History is littered with the decomposing corpses of businesses that had great ideas, but failed to convince enough people that they needed the product or service they were selling. Why? Because their marketing mix was wrong. They had the product; they might even have had the price. Many will have had the place right. I suspect the majority of failed companies, however, didn't get the promotion right. They failed to tell the right audience - people who would be interested in buying their product and service - why they would want to buy it.
In a landscape that offers an increasing number of social networks with which to spread the word reaching those people ought to be easy, right? Right… and wrong! It's easy to reach large numbers of people using Facebook, Twitter, LinkedIn, Pinterest… but if your message is wrong then all you are doing is making a lot of noise without increasing your chances of turning these people in to loyal customers. According to a recent survey by eMarketer, 96 % of companies evaluate the success - or failure - of their social media marketing activities on the number of followers they have, and the number of likes their social pages receive.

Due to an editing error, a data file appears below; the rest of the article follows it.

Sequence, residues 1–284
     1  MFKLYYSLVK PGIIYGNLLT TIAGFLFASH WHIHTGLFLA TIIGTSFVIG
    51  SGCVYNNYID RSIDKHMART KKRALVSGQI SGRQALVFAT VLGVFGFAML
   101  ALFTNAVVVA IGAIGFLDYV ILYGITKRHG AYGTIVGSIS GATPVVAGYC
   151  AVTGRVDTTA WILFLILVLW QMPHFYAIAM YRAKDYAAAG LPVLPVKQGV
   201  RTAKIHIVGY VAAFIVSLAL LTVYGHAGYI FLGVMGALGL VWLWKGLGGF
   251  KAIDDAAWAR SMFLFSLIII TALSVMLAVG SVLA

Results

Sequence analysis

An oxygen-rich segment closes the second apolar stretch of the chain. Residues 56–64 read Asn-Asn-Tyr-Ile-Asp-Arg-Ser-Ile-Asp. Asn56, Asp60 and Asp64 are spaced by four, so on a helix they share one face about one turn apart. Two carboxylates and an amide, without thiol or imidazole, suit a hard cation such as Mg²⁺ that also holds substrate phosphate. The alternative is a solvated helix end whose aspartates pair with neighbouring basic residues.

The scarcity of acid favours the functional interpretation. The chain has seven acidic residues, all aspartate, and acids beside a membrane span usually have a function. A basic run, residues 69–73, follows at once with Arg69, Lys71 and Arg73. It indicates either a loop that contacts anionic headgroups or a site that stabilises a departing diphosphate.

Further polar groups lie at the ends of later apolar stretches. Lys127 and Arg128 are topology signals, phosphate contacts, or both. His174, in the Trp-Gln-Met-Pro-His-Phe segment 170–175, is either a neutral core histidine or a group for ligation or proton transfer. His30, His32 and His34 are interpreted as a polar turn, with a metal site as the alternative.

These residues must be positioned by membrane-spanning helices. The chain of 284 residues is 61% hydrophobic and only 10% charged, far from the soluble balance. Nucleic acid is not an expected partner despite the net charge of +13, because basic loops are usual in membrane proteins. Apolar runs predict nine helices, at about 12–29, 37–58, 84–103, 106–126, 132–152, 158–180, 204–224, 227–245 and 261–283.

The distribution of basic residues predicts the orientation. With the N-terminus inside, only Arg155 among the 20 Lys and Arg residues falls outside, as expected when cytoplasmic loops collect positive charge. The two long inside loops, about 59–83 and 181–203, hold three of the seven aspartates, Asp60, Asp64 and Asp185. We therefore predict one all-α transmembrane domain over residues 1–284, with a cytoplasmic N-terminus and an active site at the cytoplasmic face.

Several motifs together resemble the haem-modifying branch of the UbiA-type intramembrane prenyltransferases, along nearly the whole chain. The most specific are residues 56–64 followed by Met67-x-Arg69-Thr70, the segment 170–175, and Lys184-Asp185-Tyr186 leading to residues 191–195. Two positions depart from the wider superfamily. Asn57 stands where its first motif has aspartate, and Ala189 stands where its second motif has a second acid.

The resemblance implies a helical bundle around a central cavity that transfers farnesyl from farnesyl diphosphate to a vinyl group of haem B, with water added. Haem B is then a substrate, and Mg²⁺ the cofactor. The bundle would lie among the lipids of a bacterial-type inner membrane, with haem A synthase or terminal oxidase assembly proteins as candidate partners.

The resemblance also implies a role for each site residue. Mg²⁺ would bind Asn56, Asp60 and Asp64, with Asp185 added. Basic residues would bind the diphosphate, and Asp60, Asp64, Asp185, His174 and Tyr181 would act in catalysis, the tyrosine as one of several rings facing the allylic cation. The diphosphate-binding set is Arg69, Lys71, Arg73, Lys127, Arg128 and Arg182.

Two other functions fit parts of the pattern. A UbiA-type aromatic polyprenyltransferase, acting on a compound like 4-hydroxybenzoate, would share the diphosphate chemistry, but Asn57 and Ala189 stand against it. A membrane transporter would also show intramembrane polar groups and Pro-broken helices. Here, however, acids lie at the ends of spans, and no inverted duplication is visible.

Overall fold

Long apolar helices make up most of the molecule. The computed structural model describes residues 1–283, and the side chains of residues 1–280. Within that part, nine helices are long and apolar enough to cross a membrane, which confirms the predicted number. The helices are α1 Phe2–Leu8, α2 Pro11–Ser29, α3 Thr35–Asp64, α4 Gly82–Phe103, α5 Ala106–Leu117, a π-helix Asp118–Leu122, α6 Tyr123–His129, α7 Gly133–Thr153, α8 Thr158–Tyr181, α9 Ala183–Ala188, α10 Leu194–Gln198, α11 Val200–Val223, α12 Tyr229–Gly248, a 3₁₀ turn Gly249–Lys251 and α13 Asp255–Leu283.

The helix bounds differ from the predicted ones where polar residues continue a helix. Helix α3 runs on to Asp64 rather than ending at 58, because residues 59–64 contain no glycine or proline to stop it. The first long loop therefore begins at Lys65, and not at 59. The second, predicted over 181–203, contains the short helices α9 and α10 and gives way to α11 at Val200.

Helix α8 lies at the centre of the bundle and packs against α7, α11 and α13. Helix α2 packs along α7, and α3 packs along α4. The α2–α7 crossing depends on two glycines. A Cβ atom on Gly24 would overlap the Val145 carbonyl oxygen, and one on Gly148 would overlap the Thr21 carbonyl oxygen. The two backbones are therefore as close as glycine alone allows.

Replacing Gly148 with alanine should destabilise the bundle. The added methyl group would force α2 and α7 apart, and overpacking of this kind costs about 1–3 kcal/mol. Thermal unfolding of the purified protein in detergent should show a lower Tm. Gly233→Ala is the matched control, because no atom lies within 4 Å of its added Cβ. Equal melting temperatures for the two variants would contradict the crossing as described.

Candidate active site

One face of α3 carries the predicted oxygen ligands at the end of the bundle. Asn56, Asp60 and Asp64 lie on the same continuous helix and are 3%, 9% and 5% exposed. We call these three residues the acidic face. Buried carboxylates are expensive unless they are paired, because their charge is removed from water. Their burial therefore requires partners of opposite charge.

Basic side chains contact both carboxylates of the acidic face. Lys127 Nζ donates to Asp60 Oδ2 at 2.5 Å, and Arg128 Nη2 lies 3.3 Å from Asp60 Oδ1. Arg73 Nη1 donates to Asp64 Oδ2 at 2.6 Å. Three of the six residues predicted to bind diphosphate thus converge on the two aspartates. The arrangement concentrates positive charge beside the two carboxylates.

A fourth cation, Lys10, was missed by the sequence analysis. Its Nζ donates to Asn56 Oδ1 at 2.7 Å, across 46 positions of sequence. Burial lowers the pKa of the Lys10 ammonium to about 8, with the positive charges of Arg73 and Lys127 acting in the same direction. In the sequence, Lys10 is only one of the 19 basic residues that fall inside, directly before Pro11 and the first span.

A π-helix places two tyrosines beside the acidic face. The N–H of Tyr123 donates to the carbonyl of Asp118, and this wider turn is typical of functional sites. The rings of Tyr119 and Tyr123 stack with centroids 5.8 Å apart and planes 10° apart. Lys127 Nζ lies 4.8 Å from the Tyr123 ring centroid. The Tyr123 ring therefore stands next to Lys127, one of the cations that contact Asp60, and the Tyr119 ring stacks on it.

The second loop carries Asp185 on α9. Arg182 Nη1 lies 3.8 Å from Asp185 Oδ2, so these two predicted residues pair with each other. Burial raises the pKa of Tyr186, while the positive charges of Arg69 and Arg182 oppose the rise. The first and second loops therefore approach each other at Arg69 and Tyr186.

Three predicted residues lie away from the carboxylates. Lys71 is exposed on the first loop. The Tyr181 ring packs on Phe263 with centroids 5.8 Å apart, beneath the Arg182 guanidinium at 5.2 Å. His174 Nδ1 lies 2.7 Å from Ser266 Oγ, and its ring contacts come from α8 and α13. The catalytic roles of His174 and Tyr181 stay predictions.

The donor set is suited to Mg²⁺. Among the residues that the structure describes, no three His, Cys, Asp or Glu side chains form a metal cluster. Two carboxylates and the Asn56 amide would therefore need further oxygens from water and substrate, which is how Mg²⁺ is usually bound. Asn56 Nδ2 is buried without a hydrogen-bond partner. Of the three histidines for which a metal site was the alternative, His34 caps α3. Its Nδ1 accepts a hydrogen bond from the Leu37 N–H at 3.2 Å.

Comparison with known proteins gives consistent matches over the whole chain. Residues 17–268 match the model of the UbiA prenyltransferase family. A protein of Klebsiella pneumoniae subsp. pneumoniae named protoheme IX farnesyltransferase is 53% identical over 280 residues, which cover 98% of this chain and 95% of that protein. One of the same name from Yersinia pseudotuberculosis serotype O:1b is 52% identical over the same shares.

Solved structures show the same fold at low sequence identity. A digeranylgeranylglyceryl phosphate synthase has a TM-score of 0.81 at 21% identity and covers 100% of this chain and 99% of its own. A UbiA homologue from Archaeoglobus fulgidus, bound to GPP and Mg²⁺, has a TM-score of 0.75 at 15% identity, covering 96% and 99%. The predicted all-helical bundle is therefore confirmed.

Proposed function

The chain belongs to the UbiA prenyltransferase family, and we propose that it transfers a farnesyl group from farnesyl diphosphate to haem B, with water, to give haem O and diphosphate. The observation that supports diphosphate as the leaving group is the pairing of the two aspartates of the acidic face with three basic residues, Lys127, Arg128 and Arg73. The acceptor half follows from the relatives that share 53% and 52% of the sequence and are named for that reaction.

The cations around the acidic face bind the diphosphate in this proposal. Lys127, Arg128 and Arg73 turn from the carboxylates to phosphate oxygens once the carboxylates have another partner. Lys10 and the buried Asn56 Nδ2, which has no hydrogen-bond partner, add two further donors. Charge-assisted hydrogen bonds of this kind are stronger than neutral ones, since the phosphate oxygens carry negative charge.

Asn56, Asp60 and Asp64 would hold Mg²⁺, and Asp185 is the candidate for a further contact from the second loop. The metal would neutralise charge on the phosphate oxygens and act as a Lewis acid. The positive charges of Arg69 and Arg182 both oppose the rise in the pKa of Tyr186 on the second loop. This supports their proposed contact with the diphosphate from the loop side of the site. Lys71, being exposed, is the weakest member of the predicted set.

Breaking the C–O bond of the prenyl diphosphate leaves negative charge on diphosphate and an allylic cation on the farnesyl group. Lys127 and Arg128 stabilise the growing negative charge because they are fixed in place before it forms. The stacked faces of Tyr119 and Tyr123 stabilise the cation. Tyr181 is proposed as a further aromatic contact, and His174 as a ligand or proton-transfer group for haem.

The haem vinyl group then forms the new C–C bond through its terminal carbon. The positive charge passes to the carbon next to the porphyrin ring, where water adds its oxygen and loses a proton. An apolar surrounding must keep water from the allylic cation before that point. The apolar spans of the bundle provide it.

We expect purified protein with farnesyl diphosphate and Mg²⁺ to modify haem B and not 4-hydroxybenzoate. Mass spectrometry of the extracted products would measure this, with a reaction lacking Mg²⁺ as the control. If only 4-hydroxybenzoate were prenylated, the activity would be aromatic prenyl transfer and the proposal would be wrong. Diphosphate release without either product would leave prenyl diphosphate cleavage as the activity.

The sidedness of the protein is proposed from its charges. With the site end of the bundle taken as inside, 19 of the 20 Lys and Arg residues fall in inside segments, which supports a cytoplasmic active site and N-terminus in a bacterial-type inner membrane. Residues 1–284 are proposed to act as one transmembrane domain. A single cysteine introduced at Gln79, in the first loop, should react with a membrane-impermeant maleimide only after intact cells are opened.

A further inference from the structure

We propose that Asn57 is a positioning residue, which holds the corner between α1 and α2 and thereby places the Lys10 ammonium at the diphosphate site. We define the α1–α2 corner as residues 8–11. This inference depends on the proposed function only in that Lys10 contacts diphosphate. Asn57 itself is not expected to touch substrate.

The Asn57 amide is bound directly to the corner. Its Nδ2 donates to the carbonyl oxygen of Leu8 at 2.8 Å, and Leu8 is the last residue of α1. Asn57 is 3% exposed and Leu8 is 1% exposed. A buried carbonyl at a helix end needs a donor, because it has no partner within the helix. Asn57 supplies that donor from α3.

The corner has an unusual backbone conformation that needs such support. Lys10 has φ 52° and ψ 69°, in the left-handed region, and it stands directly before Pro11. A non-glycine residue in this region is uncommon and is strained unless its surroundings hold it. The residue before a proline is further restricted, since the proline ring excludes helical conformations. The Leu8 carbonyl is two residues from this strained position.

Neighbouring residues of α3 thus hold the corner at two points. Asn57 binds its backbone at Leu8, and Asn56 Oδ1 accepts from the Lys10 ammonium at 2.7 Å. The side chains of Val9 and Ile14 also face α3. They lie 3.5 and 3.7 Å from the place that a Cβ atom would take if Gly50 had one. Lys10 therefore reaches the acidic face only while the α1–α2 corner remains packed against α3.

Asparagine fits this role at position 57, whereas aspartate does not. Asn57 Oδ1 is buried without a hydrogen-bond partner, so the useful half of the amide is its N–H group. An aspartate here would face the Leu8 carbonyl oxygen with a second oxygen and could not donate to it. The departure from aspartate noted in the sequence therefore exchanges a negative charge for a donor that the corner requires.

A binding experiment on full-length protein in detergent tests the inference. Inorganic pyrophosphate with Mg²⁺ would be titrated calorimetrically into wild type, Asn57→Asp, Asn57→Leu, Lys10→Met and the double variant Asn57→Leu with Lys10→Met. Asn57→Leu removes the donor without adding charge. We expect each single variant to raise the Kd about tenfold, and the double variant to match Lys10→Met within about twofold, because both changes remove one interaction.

Another survey by a company called Print in the Mix claims that almost two-thirds of businesses surveyed have no clear goals and objectives for their social media marketing activities. The problem is that these days social media is seen by many companies as synonymous with marketing. While it's now an essential part of a businesses marketing plan, it can't be the only channel you use. Advertising, PR, direct and e-mail marketing all still play an invaluable part in communicating with both prospects and customers - and unless there is a strategic plan, a clear message and a call to action that the target audience acts on, you are dooming your business to failure.
I read an article a few weeks ago that suggested that in the era of social media marketing was dying! Dying?! Marketing is more important than ever. The problem is that the majority of companies spend 80 percent of their time on the talking, and only 20 percent on planning what they are going to say… and that's just plain stupid.
In the coming posts I'll explain how to build a multi-channel marketing campaign for your business. How to define your market; how to fine-tune your message; how to communicate your unique sales proposition; how to find the right delivery channels and what objectives you need to set to enable you to evaluate both the success of a marketing campaign and - most importantly - it's impact on the success of your business.